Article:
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Genre definition help

For discussions of historical fiction. Threads that do not relate to historical fiction should be started in the Chat forum or elsewhere on the forum, depending on the topic.
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MLE (Emily Cotton)
Bibliomaniac
Posts: 3562
Joined: August 2008
Interest in HF: started in childhood with the classics, which, IMHO are HF even if they were contemporary when written.
Favourite HF book: Prince of Foxes, by Samuel Shellabarger
Preferred HF: Currently prefer 1600 and earlier, but I'll read anything that keeps me turning the page.
Location: California Bay Area

Genre definition help

Post by MLE (Emily Cotton) » Thu January 29th, 2015, 5:48 pm

Hey forum friends, I am trying to figure out how to classify the novel series I have been grinding away on for the last six years or so. I'm going indie, and apparently NOTHING is more important for 'discoverability' (that's the new word for plain old marketing) than classifying your work in the correct genre and sub-genre.
This has me scratching my head a bit. So I thought I'd ask.
could you give me examples of novels you think fit the following labels?

Historical Romance
Action-adventure
historical suspense
historical mystery
anything that focuses on multicultural and religious conflict--without being a 'sweeping saga'

any genres at all that include animal elements, without being entirely about animals?

Thanks.
Last edited by MLE (Emily Cotton) on Thu January 29th, 2015, 5:51 pm, edited 1 time in total.

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Nefret
Bibliomaniac
Posts: 2977
Joined: February 2009
Favourite HF book: Welsh Princes trilogy
Preferred HF: The Middle Ages (England), New Kingdom Egypt, Medieval France
Location: Temple of Isis

Post by Nefret » Thu January 29th, 2015, 7:21 pm

Historical mystery- the Amelia Peabody series by Elizabeth Peters (Victorian), Lieutenant Bak series by Lauren Haney (Ancient Egypt), Lord Meren series by Lynda S. Robinson (Ancient Egypt). Those are a few I've read.
Into battle we ride with Gods by our side
We are strong and not afraid to die
We have an urge to kill and our lust for blood has to be fulfilled
WE´LL FIGHT TILL THE END! And send our enemies straight to Hell!
- "Into Battle"
{Ensiferum}

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Lisa
Bibliophile
Posts: 1153
Joined: August 2012
Favourite HF book: Here Be Dragons by Sharon Kay Penman
Preferred HF: Any time period/location. Timeslip, usually prefer female POV. Also love Gothic melodrama.
Location: Northeast Scotland

Post by Lisa » Thu January 29th, 2015, 8:09 pm

I'll have a think and come back, but in the meantime you could check how (the majority of) people have shelved/tagged books on Goodreads or LibraryThing that might fall into the same genre(s).

Also re the marketing speak, we just did a "pricing uplift" on some products at work. That's a price increase :confused:

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Misfit
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Posts: 9581
Joined: August 2008
Location: Seattle, WA

Post by Misfit » Thu January 29th, 2015, 9:09 pm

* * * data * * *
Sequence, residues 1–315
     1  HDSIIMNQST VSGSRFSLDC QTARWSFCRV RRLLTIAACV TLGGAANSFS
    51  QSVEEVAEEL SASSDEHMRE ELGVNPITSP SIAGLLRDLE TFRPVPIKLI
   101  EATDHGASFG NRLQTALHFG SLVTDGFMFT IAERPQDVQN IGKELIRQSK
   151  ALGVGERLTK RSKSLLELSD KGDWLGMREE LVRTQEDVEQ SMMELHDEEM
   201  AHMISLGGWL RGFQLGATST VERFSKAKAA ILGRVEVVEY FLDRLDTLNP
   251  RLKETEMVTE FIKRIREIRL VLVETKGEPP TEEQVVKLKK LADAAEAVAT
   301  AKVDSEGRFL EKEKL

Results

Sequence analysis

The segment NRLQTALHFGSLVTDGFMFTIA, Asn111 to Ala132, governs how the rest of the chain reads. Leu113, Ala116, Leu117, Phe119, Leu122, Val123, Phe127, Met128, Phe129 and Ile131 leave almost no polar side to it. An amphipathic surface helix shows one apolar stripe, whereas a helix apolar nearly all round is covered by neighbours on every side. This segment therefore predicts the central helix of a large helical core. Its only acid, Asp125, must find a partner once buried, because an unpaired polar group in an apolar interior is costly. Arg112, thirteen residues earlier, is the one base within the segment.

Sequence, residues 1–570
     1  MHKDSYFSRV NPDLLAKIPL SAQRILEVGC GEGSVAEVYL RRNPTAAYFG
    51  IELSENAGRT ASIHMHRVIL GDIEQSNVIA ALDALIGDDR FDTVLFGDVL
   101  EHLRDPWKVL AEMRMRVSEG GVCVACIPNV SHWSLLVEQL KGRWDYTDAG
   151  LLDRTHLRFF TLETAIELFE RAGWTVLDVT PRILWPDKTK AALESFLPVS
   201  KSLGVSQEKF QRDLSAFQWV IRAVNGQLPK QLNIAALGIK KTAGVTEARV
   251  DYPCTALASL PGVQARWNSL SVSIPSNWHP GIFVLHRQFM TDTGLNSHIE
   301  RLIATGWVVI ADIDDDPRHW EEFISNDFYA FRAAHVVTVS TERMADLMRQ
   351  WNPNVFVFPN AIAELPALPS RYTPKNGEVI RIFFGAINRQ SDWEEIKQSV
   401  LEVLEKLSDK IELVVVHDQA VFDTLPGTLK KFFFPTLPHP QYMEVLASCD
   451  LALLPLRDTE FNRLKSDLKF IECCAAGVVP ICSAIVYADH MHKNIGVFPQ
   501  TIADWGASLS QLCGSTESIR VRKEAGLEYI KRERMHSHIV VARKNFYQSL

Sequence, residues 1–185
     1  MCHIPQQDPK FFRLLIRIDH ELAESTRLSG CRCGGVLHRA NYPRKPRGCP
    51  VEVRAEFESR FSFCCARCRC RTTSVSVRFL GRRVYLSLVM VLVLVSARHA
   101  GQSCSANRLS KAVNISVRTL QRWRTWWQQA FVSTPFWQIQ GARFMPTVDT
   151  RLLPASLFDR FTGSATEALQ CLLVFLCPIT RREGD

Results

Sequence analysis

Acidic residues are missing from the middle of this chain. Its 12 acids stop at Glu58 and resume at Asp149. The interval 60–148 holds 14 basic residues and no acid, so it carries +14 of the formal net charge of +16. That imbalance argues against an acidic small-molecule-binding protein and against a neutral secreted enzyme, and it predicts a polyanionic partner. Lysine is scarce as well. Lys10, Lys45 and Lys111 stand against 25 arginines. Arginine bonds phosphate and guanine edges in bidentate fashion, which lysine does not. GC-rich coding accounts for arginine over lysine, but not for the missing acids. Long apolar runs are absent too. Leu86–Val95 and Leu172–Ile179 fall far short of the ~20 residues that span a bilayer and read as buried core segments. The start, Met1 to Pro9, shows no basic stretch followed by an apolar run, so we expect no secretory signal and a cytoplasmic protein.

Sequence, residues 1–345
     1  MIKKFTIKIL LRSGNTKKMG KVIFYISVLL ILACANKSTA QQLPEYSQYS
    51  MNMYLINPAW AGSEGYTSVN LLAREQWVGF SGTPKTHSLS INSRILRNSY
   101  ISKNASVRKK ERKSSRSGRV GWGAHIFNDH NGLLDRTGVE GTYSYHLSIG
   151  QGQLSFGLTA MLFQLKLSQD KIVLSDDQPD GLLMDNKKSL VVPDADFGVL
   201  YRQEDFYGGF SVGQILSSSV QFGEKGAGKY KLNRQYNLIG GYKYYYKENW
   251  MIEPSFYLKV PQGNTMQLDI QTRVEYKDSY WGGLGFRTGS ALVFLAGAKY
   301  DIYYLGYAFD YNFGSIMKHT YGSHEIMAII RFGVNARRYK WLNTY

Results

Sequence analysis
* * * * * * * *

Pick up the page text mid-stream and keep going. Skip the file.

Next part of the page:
I'm going to have to ponder on this for a while. Historical romance cuts a wide swath, depending on who is doing the categorizing. Lol, Overdrive lumps the romances in with the historical fiction category. Amazon is quite a mish mash too, I see tons of straight up romances being listed on the historical fiction best sellers list.
At home with a good book and the cat...
...is the only place I want to be

User avatar
MLE (Emily Cotton)
Bibliomaniac
Posts: 3562
Joined: August 2008
Interest in HF: started in childhood with the classics, which, IMHO are HF even if they were contemporary when written.
Favourite HF book: Prince of Foxes, by Samuel Shellabarger
Preferred HF: Currently prefer 1600 and earlier, but I'll read anything that keeps me turning the page.
Location: California Bay Area

Post by MLE (Emily Cotton) » Thu January 29th, 2015, 10:12 pm

Historical romance is the strongest category, and all my books have some romantic element (they deal a lot with sex, too, but they aren't erotica, probably just the opposite). But the various shelving pundits say that if you label a novel 'romance,' it better have a happily-ever-after or you'll have a bunch of infuriated readers giving you a one-star.
Not that my books are tragedies, I like to end on an up note. But they don't really fit happily-ever-after, either. I would categorize the endings as 'well, things are still pretty dicey, but there's hope'.
Doesn't seem to be a genre for that. :rolleyes:

User avatar
Nefret
Bibliomaniac
Posts: 2977
Joined: February 2009
Favourite HF book: Welsh Princes trilogy
Preferred HF: The Middle Ages (England), New Kingdom Egypt, Medieval France
Location: Temple of Isis

Post by Nefret » Thu January 29th, 2015, 10:37 pm

I've found a lot of people of Goodreads call Elizabeth Chadwick historical romance, but I call her historical fiction. There are more romance plots in the early books, but it's still HF to me. I think 'romance' used to mean something different.
Last edited by Nefret on Thu January 29th, 2015, 10:40 pm, edited 1 time in total.
Into battle we ride with Gods by our side
We are strong and not afraid to die
We have an urge to kill and our lust for blood has to be fulfilled
WE´LL FIGHT TILL THE END! And send our enemies straight to Hell!
- "Into Battle"
{Ensiferum}

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Mythica
Bibliophile
Posts: 1095
Joined: November 2010
Preferred HF: European and American (mostly pre-20th century)
Location: Colorado
Contact:

Post by Mythica » Thu January 29th, 2015, 11:21 pm

[quote=""MLE (Emily Cotton)""]Historical romance is the strongest category, and all my books have some romantic element (they deal a lot with sex, too, but they aren't erotica, probably just the opposite). But the various shelving pundits say that if you label a novel 'romance,' it better have a happily-ever-after or you'll have a bunch of infuriated readers giving you a one-star.